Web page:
·         That “in this study, it is remarkable that 80 % of the sample endorse that they do not restrict the type of food that they consume, yet the ORTO-15 identifies over 70 % of the sample suffering from ON” [2]
·         That the ORTO-15 doesn’t do well at distinguishing healthy eating from disordered eating very well [2] [3] [4]
·         Issues with the questions and scoring [3]
·         The inconsistent associations between ORTO-15 scores with age, education, BMI, smoking, alcohol, and sex [4]

Orthorexia and OCD

In contrast to the ORTO-15 (which I’ll show you in the next post), in a recent review Dunn & Bratman [1] proposed some diagnostic criteria for orthorexia

Criterion A: Obsessive focus on “healthy” eating, as defined by a dietary theory or set of beliefs whose specific details may vary; marked by exaggerated emotional distress in relationship to food choices perceived as unhealthy; weight loss may ensue as a result of dietary choices, but this is not the primary goal. As evidenced by the following:

1.       Compulsive behavior and/or mental preoccupation regarding affirmative and restrictive dietary practices believed by the individual to promote optimum health.
2.       Violation of self-imposed dietary rules causes exaggerated fear of disease, sense of personal impurity and/or negative physical sensations, accompanied by anxiety and shame.
3.       Dietary restrictions escalate over time, and may come to include elimination of entire food groups and involve progressively more frequent and/or severe “cleanses” (partial fasts) regarded as purifying or detoxifying. This escalation commonly leads to weight loss, but the desire to lose weight is absent, hidden or subordinated to ideation about healthy eating.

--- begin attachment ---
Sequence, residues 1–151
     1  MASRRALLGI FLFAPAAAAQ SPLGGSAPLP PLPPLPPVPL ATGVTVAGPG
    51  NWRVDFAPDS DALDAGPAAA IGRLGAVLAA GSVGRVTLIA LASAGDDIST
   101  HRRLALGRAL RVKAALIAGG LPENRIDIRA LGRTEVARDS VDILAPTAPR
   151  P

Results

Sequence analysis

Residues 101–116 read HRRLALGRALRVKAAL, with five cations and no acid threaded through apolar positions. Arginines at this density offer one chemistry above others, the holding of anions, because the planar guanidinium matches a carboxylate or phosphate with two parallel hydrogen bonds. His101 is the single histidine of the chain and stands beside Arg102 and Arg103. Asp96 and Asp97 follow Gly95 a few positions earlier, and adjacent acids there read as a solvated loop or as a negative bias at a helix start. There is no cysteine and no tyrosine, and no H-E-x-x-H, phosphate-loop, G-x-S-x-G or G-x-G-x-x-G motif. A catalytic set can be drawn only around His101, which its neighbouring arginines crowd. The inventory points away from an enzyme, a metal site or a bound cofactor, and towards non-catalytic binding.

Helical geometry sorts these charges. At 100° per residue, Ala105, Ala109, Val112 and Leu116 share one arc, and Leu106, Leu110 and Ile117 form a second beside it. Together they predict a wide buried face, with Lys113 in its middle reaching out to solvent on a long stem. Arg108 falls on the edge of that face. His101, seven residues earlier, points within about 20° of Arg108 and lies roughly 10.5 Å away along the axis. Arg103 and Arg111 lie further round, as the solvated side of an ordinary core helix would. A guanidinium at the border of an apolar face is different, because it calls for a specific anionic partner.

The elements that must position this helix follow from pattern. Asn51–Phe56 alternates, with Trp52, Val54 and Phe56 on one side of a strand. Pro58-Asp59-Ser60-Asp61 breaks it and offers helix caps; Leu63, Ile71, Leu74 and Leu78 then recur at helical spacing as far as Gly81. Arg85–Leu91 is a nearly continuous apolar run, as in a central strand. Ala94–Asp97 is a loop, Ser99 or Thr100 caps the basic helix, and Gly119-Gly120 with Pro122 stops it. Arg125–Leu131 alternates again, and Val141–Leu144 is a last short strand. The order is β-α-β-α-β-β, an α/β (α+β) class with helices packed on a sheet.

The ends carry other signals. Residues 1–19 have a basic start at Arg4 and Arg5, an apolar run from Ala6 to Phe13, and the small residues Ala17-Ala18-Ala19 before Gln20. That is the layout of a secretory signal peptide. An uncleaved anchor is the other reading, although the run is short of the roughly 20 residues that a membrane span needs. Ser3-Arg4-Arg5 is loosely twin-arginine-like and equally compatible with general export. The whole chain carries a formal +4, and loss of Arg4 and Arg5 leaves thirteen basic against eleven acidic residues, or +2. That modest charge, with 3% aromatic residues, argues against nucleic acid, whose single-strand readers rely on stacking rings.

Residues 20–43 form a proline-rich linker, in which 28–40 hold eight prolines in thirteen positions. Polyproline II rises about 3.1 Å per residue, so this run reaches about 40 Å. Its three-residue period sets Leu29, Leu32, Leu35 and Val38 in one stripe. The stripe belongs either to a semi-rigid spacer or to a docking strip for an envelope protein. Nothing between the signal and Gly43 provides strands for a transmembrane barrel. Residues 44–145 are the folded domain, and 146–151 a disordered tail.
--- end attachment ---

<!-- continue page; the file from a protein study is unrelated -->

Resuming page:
Criterion B: The compulsive behavior and mental preoccupation becomes clinically impairing by any of the following:

1.       Malnutrition, severe weight loss or other medical complications from restricted diet.
2.       Intrapersonal distress or impairment of social, academic or vocational functioning secondary to beliefs or behaviors about healthy diet.
3.       Positive body image, self-worth, identity and/or satisfaction excessively dependent on compliance with self-defined “healthy” eating behavior.

This is very similar to some other proposed diagnostic criteria by Moroze et al [5]:

Both sets of diagnostic criteria emphasise the two factors that for something to be disordered eating (as opposed to conscientious eating) it needs to cause suffering and impair function (the two key factors that really define whether something is a mental health issue or not).  They also emphasise that orthorexia is a very similar condition to obsessive compulsive disorder.  Something that is discussed well in the following review (and something I’m planning to write about later) [4]